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Marlborough School Student Newspaper
The Student News Site of Marlborough School

The UltraViolet

The Student News Site of Marlborough School

The UltraViolet

Tony Awards To Feature More Movie and Television Actors Than Usual

Photo by Fiona '15.
Photo by Fiona ’15.

It’s that time of year again when everyone awaits sunshine and spotlights, the sand and the stage and tanning and the Tonys. The beginning of summer break will usher in every Broadway lover’s favorite season, as the 68th annual Tony Awards takes the stage on Jun. 8. The casts of this year’s nominated shows are comprised of recognizable Hollywood actors and actresses. Though some television and movie stars have always migrated to New York City to bask in the lights of the Great White Way, this year’s list of nominees shows many more Hollywood names than usual.

The host of this year’s Tony Awards will be Hugh Jackman, a prime example of the Hollywood-to-Broadway trend. Although Jackman has been active in musical theater throughout his acting career, he is known to the general public primarily for his roles in blockbuster movies like X-Men.

Many theater enthusiasts may be disappointed that the beloved Neil Patrick Harris, another television cross-over most well known for his role as Barney Stinson in How I Met Your Mother, is not returning as host for a fourth consecutive year. Instead, Harris will be attending as a nominee for his starring role as Hedwig in the Broadway revival of the musical Hedwig and the Angry Inch.

Harris and Jackman aren’t the only notable Hollywood stars featured in this year’s Tony lineup. Bryan Cranston, fresh from the hit series Breaking Bad, is nominated for his portrayal of Lyndon B. Johnson in the new drama All the Way. Chris O’Dowd, known for his roles in Gulliver’s Travels and Bridesmaids, is nominated for his dramatic turn as Lenny in the revival Of Mice and Men.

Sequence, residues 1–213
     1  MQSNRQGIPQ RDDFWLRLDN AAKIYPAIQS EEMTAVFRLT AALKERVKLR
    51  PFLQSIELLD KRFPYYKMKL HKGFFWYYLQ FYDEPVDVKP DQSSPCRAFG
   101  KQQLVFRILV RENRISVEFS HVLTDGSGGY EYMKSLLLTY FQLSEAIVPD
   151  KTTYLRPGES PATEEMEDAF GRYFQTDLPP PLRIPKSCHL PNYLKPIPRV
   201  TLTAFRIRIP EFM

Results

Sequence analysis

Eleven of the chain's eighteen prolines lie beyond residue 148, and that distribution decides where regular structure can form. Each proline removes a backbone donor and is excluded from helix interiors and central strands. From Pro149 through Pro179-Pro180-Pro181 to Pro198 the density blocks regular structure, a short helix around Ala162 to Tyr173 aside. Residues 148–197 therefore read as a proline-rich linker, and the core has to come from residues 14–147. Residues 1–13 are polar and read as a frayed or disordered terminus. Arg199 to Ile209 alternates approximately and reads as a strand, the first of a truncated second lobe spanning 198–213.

Though not every movie star received a Tony nomination, many are featured in nominated shows. Daniel Radcliffe, most well known for his film role as Harry Potter, is starring in the debut of Martin McDonagh’s The Cripple of Inishmaan.

Debra Messing, Grace from television’s Will and Grace, is starring in the world-premiere of Outside Mullingar. Zachary Quinto, from American Horror Story and the Star Trek movies, stars in Tennessee Williams’s The Glass Menagerie.

Making her Broadway debut alongside Tony Award winner Alan Cummings, Michelle Williams, from Dawson’s Creek and My Week with Marilyn, starred as Sally Bowles in the revival of Cabaret.

Lastly, Denzel Washington currently stars in A Raisin in the Sun. Many other stars, including James Franco, also recently starred in Broadway shows but weren’t nominated for Tonys.

This increasing overlap of film and stage actors has benefited Broadway theater in many ways. Theaters are boosting sales and attracting new audiences, as people, enticed by the promise of seeing their favorite television and movie stars, flock to buy tickets.

Often, however, the Hollywood stars used to increase theater ticket sales are inexperienced (or certainly less experienced than many traditional stage actors). Therefore, these film and television implants not only monopolize the entertainment industry but also detract from the art of theater and reduce the quality of many Broadway shows.

While the marketing ploy of casting movie stars in stage productions has clear benefits for the Broadway producers and the new audiences, as it has increased the popularity and profile of Broadway shows, it is detrimental for the actors and the shows themselves. The U.S. has yet to reach a point when actors participate in both film and theater, making them more qualified for their roles in each medium and thus increasing the quality of theater and film.

In London, the center of European theater and film, not only do famous film and television actors star in hit plays and musicals, but famous stage actors also often make their way onto the big screen. This way, the actors have more wholesome careers; the audiences have better quality entertainment, and the general population is encouraged to discover different art forms.

So, look out for this year’s Tony Awards, but try not to confuse it for the Oscars.

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